Early Monday morning Jared Kushner, President Trump’s son-in-law and senior adviser, publicly released an 11-page written statement giving a first-person account of his contacts with Russians during the presidential campaign and White House transition period.
The statement is released just as the probe into ties between the Trump administration and Russia led by special counsel Robert Mueller intensifies.
Apparently, the statement includes prepared remarks Kushner will make when the Senate Select Committee on Intelligence privately questions him about Russia’s U.S. presidential election interference.
Other top Trump campaign aides, former campaign manager Paul Manafort and Donald Trump Jr., are expected to speak to the Senate’s intelligence committee as well but have yet to release public statements accounting for their interactions with Russians in 2016.
“These were not contacts that I initiated,” Kushner wrote. When referring to the transition period: “Two of those meetings were with Russians, neither of which I solicited.”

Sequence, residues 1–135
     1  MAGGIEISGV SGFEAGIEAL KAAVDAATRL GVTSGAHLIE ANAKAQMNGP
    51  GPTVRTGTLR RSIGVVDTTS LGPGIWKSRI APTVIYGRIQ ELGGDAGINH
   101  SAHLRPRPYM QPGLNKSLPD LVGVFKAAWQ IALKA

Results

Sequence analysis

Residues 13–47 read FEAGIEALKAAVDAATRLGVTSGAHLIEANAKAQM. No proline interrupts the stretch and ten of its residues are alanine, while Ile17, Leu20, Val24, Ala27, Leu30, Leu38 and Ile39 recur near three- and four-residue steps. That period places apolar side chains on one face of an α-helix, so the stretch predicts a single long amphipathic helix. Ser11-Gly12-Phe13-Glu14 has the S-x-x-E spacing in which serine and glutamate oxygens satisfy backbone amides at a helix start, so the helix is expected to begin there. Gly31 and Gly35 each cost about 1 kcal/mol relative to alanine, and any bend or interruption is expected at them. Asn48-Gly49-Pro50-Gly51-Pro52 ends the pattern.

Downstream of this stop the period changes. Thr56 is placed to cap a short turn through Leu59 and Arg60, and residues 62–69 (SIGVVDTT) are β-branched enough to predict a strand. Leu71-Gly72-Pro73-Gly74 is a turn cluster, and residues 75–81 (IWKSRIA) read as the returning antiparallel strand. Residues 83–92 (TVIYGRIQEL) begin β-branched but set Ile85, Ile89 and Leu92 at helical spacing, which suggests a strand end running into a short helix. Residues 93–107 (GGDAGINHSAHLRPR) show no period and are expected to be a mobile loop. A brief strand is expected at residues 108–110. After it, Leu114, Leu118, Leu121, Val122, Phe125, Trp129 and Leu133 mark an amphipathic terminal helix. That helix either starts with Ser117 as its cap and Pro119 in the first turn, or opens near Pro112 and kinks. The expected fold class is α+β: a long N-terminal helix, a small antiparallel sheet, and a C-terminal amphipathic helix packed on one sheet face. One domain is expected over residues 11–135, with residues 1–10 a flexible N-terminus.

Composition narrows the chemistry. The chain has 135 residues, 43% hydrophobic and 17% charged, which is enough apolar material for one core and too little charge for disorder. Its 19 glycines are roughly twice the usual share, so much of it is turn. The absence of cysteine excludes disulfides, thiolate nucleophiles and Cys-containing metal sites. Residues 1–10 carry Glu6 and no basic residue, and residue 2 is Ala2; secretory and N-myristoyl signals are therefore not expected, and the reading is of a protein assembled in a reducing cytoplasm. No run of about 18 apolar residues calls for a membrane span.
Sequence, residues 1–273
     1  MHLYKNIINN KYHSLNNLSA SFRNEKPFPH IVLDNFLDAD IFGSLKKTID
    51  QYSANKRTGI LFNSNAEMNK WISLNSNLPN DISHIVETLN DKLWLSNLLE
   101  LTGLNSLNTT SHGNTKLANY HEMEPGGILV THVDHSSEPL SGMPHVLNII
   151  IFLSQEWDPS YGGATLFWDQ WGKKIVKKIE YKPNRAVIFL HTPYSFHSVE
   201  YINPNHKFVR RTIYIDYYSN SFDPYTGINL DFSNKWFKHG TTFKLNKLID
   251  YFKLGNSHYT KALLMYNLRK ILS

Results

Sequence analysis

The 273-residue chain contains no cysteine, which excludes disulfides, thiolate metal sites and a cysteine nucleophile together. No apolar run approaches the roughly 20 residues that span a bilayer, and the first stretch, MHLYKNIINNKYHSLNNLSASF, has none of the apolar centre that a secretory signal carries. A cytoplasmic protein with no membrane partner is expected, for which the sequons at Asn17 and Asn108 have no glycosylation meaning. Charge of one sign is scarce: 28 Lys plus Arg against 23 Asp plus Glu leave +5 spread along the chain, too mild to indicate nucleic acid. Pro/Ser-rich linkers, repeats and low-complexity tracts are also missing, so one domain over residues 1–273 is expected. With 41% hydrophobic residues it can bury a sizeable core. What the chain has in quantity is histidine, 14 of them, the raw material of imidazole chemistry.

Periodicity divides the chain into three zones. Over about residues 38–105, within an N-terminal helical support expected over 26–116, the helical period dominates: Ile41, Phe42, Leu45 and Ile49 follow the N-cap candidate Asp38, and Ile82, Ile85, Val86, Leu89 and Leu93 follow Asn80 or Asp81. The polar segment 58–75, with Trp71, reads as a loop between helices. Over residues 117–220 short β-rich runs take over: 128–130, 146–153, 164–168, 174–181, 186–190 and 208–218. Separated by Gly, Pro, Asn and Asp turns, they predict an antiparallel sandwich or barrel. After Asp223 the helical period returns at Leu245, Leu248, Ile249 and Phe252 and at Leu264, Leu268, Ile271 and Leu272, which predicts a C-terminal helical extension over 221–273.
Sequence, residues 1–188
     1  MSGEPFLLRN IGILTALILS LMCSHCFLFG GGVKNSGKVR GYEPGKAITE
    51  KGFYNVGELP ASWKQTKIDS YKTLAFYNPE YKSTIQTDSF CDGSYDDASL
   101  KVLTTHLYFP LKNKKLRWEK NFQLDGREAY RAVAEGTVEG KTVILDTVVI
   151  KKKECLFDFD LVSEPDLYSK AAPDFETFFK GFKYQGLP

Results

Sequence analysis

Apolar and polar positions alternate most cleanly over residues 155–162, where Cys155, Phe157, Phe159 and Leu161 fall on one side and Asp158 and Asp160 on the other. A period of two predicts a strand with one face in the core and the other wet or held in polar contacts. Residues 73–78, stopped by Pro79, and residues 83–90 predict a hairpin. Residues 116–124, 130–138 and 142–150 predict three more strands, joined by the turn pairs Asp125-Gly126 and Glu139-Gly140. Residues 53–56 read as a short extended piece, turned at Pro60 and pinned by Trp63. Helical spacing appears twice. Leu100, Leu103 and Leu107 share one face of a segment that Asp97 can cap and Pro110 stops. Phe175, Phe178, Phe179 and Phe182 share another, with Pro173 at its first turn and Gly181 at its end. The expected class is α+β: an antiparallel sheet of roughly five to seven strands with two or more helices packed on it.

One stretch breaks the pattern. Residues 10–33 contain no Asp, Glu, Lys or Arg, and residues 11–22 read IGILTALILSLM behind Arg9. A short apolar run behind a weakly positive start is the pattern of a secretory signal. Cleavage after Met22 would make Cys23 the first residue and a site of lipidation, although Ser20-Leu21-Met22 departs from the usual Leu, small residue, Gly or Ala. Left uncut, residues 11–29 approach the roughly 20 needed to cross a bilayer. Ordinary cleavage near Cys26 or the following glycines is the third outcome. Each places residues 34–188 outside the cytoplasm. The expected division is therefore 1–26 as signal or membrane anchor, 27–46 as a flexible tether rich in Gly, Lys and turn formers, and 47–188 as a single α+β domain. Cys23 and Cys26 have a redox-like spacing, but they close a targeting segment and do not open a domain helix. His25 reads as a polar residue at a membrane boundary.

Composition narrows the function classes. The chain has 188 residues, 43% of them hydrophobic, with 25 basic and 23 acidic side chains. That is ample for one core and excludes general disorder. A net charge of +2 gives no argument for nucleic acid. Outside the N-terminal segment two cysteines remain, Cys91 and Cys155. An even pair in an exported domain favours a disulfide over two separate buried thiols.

In his statement, Kushner addresses and defends “possible” interactions he had with Russian individuals in 2016, but brushes them under the rug as part of his role as “a point of contact with these foreign countries.”
Kushner also details his meetings with Russian Ambassador Sergey Kislyak and an unnamed Russian female attorney — the meeting supposedly set-up by Donald Trump Jr — during the campaign as brief and inconsequential.
The president’s 36-year-old son-in-law also acknowledges two other meetings held with Russians, one again with Kislyak and another with Putin ally and Russian banker, Sergey Gorkov. According to Kushner neither of these meetings were fruitful, as he could not “even recall the Russian Ambassador’s name.”
“I did not collude, nor know of anyone else in the campaign who colluded, with any foreign government. I had no improper contacts,” Kushner claims.
The baseline of Kushner’s statement directly responds to the ongoing federal investigation that seeks to uncover any crimes that may have been committed during the Trump campaign and transition.
The claims Kushner made in his statement will be corroborated with the information he shares with the Senate intelligence committee Monday.
Following his meeting with members of the Senate panel, Kushner addressed the media outside the White House saying he will meet with the House intelligence committee on Tuesday.
Editor’s note: This article has been updated.
[CNN] [Washington Post] [The Guardian] [PBS NewsHour/YouTube]